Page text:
Gender Analysis of Violent Extremism and the Impact of COVID-19 on Peace and Security in ASEAN: Evidence-based research for policy
It is well known that radicalization, a shift towards violent extremism, in Southeast Asia takes place during times of peace, when conflict has been stabilized, and/or even in countries that do not experience internal conflict. Recent studies have also shown that women and men’s engagement with both extremist content and organizations differ, particularly in terms of radicalization, recruitment and participation.
This report identifies both the persistent trends and changing gender dynamics of violent extremism in the context of the COVID-19 pandemic, based on an expert survey and interview research conducted between July and November 2021. It examined how and to what extent misogyny and hostile beliefs are fuelling violent extremism in the Southeast Asian region during the pandemic, the degree to which misogyny and hostile beliefs in the ASEAN region are fuelling violent extremism, and how these manifest themselves in the offline space.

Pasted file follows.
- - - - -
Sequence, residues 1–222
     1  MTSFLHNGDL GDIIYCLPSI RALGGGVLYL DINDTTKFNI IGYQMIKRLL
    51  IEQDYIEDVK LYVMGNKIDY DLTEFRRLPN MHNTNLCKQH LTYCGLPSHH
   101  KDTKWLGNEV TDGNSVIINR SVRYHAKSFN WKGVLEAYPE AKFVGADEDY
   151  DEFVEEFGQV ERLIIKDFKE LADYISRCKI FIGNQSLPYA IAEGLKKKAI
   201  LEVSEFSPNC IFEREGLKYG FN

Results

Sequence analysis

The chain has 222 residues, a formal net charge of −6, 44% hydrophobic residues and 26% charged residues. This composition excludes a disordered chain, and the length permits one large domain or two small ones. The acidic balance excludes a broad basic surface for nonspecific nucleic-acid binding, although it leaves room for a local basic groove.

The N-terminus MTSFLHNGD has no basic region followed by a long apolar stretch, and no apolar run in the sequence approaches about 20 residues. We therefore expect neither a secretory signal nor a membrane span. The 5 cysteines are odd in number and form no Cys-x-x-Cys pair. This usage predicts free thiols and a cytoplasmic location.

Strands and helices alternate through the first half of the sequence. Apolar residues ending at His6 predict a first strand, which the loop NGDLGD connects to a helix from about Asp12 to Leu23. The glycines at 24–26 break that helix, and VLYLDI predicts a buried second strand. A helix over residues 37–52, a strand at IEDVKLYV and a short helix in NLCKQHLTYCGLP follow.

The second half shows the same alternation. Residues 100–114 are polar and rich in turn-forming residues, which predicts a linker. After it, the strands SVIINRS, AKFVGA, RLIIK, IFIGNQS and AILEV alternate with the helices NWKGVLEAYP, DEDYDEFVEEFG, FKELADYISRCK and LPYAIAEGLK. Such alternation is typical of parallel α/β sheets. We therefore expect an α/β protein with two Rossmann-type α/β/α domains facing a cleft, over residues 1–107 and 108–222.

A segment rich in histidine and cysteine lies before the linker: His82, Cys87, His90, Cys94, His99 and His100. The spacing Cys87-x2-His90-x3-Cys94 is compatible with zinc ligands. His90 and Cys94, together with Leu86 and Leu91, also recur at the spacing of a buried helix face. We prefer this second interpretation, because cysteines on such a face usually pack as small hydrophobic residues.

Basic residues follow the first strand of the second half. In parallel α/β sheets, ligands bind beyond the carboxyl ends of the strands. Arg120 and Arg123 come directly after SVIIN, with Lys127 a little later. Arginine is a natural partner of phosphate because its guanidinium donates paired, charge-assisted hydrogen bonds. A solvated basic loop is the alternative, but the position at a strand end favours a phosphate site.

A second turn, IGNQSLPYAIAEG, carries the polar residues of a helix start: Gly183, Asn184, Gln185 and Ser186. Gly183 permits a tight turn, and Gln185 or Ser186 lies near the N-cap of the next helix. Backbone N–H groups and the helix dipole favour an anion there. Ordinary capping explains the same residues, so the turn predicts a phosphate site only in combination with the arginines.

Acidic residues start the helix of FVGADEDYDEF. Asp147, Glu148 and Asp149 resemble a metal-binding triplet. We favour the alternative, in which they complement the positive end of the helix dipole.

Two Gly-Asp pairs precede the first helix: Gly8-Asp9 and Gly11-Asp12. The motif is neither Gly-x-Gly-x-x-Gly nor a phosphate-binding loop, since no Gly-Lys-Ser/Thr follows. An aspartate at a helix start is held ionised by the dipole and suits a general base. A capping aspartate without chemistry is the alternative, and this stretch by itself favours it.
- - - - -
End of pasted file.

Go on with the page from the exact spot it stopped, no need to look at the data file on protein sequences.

This is the final report from our 'Gender Analysis of Violent Extremism and the Impact of COVID-19 on Peace and Security in ASEAN: Evidence-based research for policy' project in English. The full report can also be read here in Indonesian.